If you have diabetes, you know that counting and cutting carbs is nothing new. But there’s such a thing as cutting carbs too much.
That’s especially true if you’re working out with diabetes — which you should, considering that exercise is a great way to naturally improve your body’s blood sugar control and insulin sensitivity, per a position statement from the American Diabetes Association published in November 2016 in Diabetes Care. After all, carbs provide essential energy to the body, and you can’t exercise, or at least not well, without them!
Even more important, if you don’t have enough carbs before and during your workouts, you put yourself at risk of hypoglycemia, or excessively low blood sugar. And the last thing you want is to faint when you’re under the bench-press bar.
Here, experts explain exactly how carbs can affect your workout performance and blood sugar, and how to approach both:
Why Your Body Craves Carbs When Working Out
“Carbs are an important source of fuel and provide the body with a quick burst of energy,” says Vandana Sheth, RDN, CDE, a spokesperson for the Academy of Nutrition and Dietetics. That’s significant even for sedentary activities — and why the National Academies of Science, Engineering, and Medicine recommends that adults consume 130 grams (g) of carbohydrates per day, spaced out between meals — but becomes increasingly meaningful when fueling yourself for exercise. This rule also applies to people with diabetes, whose carb recommendations need to be individualized but whose diets ought to include them all the same.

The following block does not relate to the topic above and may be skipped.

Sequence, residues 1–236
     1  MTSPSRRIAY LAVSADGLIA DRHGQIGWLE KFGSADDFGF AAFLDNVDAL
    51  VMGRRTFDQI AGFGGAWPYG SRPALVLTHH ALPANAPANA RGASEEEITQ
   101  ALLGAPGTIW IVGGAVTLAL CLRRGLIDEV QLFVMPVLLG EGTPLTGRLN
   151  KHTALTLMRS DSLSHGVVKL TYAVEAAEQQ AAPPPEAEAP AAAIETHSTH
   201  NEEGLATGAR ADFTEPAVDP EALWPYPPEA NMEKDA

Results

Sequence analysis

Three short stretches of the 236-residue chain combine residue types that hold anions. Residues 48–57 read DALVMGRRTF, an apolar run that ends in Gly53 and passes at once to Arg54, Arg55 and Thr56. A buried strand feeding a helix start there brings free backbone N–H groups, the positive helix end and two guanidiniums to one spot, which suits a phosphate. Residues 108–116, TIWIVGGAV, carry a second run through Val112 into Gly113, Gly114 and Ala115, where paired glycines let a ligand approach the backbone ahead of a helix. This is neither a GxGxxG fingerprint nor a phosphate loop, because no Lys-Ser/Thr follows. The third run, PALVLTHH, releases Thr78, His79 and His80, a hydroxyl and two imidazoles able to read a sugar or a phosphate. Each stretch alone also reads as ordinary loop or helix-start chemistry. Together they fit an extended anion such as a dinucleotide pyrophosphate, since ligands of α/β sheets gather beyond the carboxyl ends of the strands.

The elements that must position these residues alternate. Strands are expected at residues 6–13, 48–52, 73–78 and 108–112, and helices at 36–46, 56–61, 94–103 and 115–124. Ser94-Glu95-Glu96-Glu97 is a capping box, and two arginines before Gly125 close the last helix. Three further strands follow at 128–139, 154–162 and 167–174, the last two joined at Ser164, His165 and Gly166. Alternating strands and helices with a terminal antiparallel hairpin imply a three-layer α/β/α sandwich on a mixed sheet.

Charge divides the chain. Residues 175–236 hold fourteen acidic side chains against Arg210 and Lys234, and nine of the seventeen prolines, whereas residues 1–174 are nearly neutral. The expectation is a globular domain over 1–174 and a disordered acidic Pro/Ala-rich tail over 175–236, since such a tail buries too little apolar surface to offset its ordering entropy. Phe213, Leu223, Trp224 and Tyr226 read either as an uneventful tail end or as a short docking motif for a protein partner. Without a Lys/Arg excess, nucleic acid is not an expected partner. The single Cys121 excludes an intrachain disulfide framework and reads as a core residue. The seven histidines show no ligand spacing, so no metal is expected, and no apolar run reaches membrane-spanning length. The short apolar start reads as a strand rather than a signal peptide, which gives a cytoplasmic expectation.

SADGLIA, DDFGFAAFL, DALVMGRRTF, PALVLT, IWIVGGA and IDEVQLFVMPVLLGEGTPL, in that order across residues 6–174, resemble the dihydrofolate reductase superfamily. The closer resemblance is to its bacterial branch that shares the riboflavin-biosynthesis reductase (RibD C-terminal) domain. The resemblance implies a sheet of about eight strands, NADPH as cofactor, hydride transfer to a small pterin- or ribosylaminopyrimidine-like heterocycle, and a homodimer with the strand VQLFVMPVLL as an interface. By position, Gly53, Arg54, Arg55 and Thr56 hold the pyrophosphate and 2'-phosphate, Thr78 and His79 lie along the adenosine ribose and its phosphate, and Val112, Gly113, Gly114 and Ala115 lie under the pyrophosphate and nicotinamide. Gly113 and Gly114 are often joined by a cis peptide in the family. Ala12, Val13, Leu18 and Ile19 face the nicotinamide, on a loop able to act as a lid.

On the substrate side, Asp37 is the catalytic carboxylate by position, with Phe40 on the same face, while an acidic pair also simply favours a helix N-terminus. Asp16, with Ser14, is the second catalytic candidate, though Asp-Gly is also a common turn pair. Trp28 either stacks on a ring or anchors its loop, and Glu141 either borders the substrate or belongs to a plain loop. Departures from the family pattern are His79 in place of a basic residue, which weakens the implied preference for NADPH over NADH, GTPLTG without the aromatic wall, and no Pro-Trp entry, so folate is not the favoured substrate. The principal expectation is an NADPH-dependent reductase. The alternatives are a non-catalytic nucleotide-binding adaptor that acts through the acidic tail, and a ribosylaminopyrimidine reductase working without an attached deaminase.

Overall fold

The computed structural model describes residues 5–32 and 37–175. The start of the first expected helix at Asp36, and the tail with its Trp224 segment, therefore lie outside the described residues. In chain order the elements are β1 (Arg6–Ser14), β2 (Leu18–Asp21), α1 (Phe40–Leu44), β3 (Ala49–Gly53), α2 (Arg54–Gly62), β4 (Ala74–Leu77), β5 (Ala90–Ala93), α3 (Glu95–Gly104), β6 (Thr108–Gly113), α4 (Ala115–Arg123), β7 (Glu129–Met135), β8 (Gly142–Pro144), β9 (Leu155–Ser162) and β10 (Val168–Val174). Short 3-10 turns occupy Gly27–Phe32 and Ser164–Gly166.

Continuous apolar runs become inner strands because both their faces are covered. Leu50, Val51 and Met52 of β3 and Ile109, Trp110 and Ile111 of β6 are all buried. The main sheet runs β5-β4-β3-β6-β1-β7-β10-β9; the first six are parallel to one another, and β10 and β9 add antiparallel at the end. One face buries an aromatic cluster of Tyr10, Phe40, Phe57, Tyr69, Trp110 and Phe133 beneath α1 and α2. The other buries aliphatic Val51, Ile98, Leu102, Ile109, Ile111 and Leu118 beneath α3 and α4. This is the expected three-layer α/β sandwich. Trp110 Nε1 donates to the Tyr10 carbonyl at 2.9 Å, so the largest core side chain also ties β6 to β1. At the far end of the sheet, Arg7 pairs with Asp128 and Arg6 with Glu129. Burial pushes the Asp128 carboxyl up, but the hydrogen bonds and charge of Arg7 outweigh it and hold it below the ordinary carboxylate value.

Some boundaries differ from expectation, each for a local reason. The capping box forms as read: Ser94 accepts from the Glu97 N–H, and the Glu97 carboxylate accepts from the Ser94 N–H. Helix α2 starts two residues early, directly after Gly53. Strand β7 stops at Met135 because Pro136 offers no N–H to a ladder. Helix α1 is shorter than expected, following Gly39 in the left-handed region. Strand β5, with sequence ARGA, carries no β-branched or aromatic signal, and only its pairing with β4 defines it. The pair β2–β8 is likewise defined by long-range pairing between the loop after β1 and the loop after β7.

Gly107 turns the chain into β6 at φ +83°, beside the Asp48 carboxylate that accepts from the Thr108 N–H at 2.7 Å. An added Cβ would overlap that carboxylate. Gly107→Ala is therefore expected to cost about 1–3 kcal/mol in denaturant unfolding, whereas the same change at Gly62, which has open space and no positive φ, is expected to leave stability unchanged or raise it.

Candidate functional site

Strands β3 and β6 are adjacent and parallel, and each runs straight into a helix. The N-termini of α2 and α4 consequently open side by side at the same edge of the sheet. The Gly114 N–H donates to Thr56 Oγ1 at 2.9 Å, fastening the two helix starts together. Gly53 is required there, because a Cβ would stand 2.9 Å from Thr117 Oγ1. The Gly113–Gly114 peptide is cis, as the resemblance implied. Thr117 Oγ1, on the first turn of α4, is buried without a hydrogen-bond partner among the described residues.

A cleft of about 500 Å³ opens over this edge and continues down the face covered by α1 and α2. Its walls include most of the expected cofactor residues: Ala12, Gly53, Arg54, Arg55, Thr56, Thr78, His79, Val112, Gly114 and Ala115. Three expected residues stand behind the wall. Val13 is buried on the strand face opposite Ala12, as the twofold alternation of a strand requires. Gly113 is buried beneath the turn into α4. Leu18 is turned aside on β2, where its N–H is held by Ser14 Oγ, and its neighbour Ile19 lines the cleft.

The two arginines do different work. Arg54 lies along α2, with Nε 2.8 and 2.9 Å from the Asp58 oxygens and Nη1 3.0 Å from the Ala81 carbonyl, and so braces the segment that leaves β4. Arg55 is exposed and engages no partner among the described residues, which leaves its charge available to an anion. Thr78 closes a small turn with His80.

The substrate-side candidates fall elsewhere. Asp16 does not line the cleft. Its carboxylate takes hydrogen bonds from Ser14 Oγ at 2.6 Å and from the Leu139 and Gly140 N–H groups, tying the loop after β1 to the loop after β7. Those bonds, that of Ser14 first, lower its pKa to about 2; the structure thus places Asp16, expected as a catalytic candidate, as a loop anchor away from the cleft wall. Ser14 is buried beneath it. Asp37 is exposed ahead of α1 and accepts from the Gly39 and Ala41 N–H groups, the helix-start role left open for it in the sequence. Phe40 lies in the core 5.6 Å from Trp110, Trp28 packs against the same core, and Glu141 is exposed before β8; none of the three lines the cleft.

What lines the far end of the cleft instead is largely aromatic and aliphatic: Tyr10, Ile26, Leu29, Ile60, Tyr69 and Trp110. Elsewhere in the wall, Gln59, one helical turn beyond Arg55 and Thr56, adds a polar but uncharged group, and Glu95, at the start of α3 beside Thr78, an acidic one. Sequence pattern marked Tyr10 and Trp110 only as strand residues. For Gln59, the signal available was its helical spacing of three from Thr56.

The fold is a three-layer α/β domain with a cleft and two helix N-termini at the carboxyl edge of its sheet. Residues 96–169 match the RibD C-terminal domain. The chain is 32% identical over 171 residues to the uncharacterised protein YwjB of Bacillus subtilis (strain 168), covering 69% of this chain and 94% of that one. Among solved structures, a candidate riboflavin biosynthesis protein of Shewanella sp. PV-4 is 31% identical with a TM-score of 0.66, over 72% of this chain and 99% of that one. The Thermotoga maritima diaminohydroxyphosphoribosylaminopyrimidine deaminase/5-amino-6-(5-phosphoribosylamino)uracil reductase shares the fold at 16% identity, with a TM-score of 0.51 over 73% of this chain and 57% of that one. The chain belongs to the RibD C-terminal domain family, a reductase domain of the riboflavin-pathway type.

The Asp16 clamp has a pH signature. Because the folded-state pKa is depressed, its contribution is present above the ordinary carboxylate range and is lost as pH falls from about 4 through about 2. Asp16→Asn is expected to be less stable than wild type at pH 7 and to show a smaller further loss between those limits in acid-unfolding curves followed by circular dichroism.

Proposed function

During exercise, the bulk of your body’s energy comes from carbohydrates, both those floating through your bloodstream in the form of blood glucose and those stored in your liver and muscles as glycogen, Sheth says. The longer and harder you work during any given workout, the more carbohydrates your organs and muscles need to stay energized, with research published in November 2013 in Sports Medicine showing that increasing carb intake can boost not only marathon performances but high-intensity intervals as well.
Whether you are looking to lose weight, build muscle, or improve your insulin and cardiovascular health, the more you can put into your workouts, the more you stand to get out of them.
How Your Blood Sugar Behaves During Exercise
When your body burns through carbohydrates for fuel during exercise, guess what happens? Your blood sugar drops.
If it drops too low, your workout isn’t the only thing that will suffer, warns Rachel Johnson, RD, a researcher specializing in diabetes nutrition at Abbott, who is based in Lake Bluff, Illinois. Signs of severe hypoglycemia include everything from shakiness and dizziness to rapid heartbeat and loss of consciousness.
The risk of low blood sugar during exercise is especially high in those people who take insulin or other diabetes-regulating medications, says Anthony Pick, MD, CDE, an endocrinologist at Northwestern Medicine Lake Forest Hospital in Lake Forest, Illinois.
In some individuals with diabetes, a spike in stress hormones, including adrenaline and cortisol, which naturally occurs during exercise, can cause blood sugar to rise rather than fall, he says. Potential consequences of experiencing an excessively high blood sugar level, called hyperglycemia, include headaches, nausea, and blurred vision. However, heightened blood sugar during exercise tends to be the exception, not the rule.
The Best Carb Strategy for Your Workouts